and women, Schorr’s pictures often blend
photographic realism with elements of fiction
and youthful fantasy,” (PBS, 2014).
Why I selected this artist
I selected this artist because I want to introduce students
to traditional photography. Today, taking a picture is
simple; all you have to do is snap a picture and it appears
immediately on a screen. However, there is an art to
taking photographs and that art has been lost in our
digital age. I want to use Schorr’s work as an introduction
to photography and proceed to teach students about how
only a few years ago, in order to get pictures, you had to
buy film, load the film in the camera, take the pictures,
then take the film to the store and wait for a few days for
an employee to develop the film before picking them up.
Significance
Students would view the works in my presentation by
Schorr and we would use her work to begin a discussion
on photography, where it came from, and what it entails.
Following this, students would be instructed to create a
self-portrait that captures something about their identity
similar to what Schorr’s work illustrates. Following this, in
the background of their self-portrait, students would be
required to come up with two additional images: One
that portrays traditional photography and one that
portrays modern photography. The entirety of this piece
would serve as a biographical narrative and an expression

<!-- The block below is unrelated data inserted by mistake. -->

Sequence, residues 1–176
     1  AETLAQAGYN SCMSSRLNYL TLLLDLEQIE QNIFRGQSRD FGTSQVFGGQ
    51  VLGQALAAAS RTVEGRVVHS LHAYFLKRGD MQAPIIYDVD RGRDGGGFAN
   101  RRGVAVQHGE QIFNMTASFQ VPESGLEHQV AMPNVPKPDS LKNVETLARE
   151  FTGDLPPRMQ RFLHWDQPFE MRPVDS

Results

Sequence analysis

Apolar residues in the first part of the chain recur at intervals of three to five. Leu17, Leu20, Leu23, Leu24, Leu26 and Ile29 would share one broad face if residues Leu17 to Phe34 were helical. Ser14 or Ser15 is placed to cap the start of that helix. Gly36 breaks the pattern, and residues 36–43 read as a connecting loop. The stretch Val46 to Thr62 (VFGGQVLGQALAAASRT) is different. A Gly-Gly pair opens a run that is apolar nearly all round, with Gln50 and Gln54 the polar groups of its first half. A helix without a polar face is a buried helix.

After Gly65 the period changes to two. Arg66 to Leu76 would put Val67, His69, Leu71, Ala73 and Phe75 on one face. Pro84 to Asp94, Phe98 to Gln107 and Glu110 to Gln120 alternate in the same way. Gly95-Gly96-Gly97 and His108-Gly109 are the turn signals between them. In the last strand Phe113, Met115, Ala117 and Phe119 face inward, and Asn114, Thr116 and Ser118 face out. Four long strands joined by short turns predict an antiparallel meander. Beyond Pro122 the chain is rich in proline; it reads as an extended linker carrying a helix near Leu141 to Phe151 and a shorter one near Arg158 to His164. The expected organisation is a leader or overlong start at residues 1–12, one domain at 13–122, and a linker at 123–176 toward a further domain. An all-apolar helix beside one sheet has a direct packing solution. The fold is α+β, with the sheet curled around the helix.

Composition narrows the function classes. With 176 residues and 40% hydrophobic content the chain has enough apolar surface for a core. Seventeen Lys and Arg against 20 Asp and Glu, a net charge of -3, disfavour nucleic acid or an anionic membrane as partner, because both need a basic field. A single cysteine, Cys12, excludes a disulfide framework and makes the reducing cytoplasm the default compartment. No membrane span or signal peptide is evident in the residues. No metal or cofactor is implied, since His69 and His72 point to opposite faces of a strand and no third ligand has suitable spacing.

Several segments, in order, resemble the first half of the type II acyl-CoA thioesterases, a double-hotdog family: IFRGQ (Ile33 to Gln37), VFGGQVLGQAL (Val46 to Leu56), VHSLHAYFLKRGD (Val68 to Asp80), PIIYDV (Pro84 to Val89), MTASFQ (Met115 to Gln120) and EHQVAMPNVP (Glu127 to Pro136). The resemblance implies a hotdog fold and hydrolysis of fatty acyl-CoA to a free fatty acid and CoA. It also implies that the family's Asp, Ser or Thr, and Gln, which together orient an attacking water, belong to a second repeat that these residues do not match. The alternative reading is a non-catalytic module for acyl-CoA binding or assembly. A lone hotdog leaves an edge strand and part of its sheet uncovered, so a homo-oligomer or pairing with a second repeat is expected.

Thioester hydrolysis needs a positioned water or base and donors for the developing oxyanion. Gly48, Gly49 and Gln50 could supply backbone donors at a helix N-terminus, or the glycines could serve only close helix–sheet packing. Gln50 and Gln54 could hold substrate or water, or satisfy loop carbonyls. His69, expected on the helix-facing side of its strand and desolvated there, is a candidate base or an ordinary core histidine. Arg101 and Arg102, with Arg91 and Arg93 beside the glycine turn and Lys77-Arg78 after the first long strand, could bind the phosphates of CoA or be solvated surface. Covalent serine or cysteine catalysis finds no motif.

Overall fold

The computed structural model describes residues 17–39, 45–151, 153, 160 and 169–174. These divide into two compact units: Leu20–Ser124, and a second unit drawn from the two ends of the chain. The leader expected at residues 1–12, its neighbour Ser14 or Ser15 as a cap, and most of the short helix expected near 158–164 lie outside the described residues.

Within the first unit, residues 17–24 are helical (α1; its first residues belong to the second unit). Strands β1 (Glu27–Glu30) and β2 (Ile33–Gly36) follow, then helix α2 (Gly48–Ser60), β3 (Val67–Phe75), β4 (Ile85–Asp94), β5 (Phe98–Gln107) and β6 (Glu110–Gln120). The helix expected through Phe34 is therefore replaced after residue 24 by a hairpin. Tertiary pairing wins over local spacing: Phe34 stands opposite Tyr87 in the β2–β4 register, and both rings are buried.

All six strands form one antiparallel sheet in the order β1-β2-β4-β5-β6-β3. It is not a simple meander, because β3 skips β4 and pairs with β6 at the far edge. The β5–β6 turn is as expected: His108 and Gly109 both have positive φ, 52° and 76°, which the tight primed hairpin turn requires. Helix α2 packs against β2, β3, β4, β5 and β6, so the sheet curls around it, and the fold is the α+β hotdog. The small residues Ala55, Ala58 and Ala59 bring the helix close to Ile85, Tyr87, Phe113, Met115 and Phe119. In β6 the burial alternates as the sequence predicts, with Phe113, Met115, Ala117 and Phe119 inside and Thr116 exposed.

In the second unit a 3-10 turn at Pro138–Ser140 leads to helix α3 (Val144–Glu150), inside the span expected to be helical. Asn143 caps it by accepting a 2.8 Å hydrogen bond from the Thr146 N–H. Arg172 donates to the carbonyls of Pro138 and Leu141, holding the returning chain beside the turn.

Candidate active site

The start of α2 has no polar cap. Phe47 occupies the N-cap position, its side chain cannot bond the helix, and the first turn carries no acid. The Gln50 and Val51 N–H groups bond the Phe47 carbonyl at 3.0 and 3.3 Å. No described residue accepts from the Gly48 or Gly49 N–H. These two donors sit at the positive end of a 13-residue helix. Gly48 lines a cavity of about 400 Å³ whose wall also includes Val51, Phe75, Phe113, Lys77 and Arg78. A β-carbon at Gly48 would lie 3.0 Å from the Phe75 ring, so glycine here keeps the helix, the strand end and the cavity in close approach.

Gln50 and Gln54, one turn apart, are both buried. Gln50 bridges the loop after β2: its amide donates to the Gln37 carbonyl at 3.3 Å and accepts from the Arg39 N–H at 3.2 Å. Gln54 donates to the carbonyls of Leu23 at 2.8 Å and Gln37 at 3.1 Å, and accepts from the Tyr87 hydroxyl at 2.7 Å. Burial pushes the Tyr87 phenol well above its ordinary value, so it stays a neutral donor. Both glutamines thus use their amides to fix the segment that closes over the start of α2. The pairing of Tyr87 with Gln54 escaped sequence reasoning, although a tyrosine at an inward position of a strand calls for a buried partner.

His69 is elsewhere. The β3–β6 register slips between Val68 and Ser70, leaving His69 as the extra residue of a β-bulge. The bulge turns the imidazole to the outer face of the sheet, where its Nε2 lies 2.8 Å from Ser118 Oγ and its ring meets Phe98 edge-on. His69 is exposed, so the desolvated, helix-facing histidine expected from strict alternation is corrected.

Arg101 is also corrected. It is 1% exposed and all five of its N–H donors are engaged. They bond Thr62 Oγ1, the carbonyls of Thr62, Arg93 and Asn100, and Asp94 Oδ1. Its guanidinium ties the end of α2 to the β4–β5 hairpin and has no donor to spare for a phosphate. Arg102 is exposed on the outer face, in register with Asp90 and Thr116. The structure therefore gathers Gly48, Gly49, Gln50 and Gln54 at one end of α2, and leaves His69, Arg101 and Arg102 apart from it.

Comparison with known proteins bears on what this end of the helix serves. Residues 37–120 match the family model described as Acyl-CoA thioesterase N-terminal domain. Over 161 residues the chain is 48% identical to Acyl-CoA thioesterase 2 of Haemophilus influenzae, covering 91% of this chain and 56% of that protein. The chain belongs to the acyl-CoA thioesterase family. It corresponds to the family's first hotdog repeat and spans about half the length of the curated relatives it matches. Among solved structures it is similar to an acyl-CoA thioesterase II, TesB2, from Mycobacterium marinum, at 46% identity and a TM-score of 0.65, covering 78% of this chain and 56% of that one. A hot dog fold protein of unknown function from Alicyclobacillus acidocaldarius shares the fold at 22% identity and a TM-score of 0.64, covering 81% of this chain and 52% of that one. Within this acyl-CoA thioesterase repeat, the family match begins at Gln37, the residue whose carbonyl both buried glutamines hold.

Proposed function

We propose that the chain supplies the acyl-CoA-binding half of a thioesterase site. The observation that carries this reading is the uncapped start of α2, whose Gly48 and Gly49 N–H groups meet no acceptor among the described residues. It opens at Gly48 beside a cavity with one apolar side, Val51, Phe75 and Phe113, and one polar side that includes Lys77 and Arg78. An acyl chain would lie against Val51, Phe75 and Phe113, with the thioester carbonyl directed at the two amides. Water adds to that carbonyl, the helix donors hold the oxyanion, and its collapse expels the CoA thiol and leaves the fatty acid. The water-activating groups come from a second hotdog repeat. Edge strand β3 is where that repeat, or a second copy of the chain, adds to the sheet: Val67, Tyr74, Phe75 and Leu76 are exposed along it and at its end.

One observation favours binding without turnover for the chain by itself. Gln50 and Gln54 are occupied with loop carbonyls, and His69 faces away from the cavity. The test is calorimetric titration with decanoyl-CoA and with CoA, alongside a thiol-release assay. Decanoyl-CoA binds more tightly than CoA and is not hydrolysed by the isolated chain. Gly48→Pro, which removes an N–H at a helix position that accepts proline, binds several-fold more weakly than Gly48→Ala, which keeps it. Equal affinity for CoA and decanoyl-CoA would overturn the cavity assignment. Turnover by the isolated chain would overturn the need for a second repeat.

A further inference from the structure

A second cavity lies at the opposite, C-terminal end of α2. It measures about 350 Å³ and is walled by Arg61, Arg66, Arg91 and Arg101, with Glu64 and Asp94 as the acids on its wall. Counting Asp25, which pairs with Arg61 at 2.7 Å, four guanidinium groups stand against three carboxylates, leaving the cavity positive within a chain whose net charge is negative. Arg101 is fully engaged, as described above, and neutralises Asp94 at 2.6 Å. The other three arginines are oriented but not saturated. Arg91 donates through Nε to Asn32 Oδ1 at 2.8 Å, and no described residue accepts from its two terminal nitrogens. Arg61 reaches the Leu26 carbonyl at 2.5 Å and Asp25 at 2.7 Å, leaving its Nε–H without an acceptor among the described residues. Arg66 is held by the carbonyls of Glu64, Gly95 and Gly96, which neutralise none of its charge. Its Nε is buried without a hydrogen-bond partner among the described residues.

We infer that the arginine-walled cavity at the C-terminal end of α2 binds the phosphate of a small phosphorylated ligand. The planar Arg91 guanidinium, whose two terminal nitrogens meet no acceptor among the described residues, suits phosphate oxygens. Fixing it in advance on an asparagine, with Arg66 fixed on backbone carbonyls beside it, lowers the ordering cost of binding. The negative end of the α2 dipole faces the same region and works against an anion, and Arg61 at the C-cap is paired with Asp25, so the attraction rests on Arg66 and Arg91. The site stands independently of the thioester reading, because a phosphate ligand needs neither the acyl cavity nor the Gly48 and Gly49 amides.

of their view of traditional and modern photography.
Media Critique- Toy Marketing Based on
Gender Stereotypes Towards Girls
Paul Windle, The New York Times: For an article about gender specific
toys, 2012
“Detrimental: Child
psychologists agree the
stereotyping of toys is
encouraging girls to think it's
only their appearance that
matters.”
Read
more: http://www.dailymail.c
o.uk/femail/article2338976/Too-pink-How-toysalarmingly-genderstereotyped-Seventies--costlittle-girls-selfesteem.html#ixzz3GXw5zAxv
Untitled 1, 2013
“Avalanche of pink: A
comparison by campaign
group Let Toys Be Toys
shows how in the
Seventies, left, toys were in
a variety of colors while
today girls are pushed to
embrace one shade.”
Read
more: http://www.dailymai
l.co.uk/femail/article2338976/Too-pink-Howtoys-alarmingly-genderstereotyped-Seventies-cost-little-girls-selfesteem.html#ixzz3GXwaw
Qmj
Untitled 2, 2013
Untitled 3, 2013
Untitled 4, 2013
“Boys are encouraged to play with mechanical toys and science kits while for
girls it's all about dolls.”
Read more: http://www.dailymail.co.uk/femail/article-2338976/Too-pink-Howtoys-alarmingly-gender-stereotyped-Seventies--cost-little-girls-selfesteem.html#ixzz3GXx6AXMX
Untitled 5, 2013
Untitled 6, 2013
“Strawberry Shortcake: The modern day version, right, has a slimmer figure, longer hair, bigger eyes and a smaller
nose.”